Fatal Freedom: The Ethics and Politics of Suicide

By Levatter, Ross | Ideas on Liberty, January 2001 | Go to article overview

Fatal Freedom: The Ethics and Politics of Suicide


Levatter, Ross, Ideas on Liberty


Fatal Freedom: The Ethics and Politic of Suicide

by Thomas Szasz

Praeger * 1999 * 177 pages * $25.95

Thomas Szasz and his work need no introduction to a libertarian audience. A physician and psychiatrist, his love of liberty has always outweighed his love of medicine, and he has become one of the great opponents of the medicalized loss of liberty known as the Therapeutic State.

Szasz's 24th book attacks yet another sacred cow of the modern worldview that crushes personal autonomy under the guise of expert therapeutic intervention and mandated "helpfulness."

Some background: Szasz takes liberty, responsibility, and autonomy seriously. If mental illness is, as other psychiatrists tell us, "a disease like any other," Szasz asks why imprison schizophrenics against their will when we don't imprison diabetics against their will? Szasz argues vociferously for the liberty of those labeled mentally ill. If, as Thomas Jefferson argued, men have as much right to ingest what they wish as they have to think and believe what they wish, why, asks Szasz, do we fight an unwinnable war against drugs? He has long been an advocate of the right to ingest or inject whatever one chooses (insisting also that those who do so take the responsibility of any consequences that follow). He has, however, not been an advocate of medicalizing the war on drugs, seeing this as just another effort to aggrandize physicians while infantilizing the masses.

In his latest book, Szasz advances his defense of autonomy and liberty by speaking out for the right to suicide.

Our final freedom is the fatal freedom, the ability to control our deaths, just as we attempt to control (and are typically granted the right to control) our lives. Szasz explores the history of suicide, from a sinful act to a symptom of mental illness to an alleged "right" under the control and auspices of medical experts.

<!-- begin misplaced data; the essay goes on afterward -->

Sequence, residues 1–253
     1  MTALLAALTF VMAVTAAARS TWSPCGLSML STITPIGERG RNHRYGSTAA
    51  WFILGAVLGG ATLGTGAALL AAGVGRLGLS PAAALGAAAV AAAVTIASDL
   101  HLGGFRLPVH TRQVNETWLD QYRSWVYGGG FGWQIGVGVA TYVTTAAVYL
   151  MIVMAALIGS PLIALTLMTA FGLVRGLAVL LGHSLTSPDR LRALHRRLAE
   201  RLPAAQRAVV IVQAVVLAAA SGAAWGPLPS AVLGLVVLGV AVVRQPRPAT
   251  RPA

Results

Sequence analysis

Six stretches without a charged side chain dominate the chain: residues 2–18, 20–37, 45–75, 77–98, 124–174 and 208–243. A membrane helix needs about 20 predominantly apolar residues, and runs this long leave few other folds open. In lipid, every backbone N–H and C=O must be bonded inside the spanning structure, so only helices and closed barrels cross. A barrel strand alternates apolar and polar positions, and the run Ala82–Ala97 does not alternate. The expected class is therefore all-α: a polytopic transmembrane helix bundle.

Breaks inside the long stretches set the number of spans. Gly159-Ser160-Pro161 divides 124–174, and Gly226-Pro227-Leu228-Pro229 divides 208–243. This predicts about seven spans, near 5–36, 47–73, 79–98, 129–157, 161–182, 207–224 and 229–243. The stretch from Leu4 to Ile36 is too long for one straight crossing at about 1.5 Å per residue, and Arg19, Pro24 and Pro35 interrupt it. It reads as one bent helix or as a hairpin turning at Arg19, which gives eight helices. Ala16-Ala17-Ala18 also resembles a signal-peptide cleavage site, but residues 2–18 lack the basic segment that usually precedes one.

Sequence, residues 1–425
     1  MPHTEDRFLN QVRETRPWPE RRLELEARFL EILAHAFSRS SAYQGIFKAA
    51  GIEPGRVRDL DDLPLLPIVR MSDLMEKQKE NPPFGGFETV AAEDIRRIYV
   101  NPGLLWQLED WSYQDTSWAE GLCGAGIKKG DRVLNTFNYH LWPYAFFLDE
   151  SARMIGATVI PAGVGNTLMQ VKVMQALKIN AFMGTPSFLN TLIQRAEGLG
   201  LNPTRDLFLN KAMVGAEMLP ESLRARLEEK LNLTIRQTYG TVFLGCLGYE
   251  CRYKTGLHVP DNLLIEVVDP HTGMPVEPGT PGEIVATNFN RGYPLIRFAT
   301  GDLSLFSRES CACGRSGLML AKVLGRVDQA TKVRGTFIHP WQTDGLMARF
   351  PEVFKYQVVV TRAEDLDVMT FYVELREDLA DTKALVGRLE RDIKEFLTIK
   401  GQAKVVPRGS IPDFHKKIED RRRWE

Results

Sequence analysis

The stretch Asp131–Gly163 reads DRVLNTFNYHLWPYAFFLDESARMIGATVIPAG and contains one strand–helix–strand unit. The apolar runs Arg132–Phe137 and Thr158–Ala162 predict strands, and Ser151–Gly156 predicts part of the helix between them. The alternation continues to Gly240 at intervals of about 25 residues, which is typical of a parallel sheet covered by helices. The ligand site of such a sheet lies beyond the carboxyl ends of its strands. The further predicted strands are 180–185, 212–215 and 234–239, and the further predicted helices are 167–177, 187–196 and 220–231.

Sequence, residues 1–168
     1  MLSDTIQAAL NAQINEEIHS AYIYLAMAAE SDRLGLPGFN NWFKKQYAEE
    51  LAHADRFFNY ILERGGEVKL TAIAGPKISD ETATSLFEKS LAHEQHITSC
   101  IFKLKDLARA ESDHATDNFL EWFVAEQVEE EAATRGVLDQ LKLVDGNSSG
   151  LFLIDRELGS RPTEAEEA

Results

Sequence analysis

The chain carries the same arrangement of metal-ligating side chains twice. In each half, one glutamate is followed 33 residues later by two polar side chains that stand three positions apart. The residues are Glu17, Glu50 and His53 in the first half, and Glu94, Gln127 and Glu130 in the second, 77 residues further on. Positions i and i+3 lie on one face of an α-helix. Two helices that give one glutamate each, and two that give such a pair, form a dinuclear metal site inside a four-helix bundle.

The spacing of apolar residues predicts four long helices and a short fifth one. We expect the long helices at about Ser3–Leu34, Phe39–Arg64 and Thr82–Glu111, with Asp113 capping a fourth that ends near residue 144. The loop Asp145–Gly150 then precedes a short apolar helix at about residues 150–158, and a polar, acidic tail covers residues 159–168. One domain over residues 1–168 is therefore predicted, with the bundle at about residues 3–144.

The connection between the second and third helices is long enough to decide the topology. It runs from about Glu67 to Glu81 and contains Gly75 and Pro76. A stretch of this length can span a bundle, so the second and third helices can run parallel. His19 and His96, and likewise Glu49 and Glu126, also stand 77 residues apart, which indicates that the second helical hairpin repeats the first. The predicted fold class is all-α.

In past centuries, the successful act of suicide allowed religious authorities to prohibit religious burial and political authorities to confiscate the suicide's property. More recently, failed suicide justified involuntary confinement in a mental hospital. Now the desire for suicide is alternatively seen as evidence of disease if acted on by an individual but as a sacred right if handled through the intermediary of a physician.

Szasz will have none of this.

Death control, like birth control, requires medical knowledge but is not a medical matter. It is a moral matter, and should in a secular society be under the control of the individual. In the twentieth century, birth control was initially illegal, then for a time available only by physician prescription. Now it is seen as a right, to be handled autonomously, not via physician-assisted birth control. Analogously (and for those who have not yet had the pleasure, be aware that Szasz is the master of analogy), if adults are to be free and autonomous, they need to obtain control of their deaths, not be placed in the position of medical mendicants, trying to please the authorities with the right combination of signs and symptoms, complaints and conditions that "justify" physician assistance in ending their lives. …

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